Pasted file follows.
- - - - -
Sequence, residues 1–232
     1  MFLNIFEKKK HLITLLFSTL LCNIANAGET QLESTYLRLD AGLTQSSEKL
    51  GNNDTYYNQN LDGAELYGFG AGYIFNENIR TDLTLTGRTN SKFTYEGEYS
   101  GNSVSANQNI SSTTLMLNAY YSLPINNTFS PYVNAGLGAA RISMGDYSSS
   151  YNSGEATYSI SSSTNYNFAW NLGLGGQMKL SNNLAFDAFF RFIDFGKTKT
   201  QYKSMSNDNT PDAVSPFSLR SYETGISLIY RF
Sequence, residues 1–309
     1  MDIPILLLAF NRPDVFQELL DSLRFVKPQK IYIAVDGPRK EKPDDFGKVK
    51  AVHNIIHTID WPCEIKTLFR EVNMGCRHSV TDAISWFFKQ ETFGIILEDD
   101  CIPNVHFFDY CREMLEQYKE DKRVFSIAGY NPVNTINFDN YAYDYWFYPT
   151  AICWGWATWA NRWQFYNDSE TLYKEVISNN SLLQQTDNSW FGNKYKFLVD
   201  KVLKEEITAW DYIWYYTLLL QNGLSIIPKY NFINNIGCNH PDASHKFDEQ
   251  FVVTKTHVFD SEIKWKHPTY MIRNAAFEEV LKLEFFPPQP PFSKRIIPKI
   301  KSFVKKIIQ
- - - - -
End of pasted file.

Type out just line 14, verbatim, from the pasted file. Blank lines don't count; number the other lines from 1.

   301  KSFVKKIIQ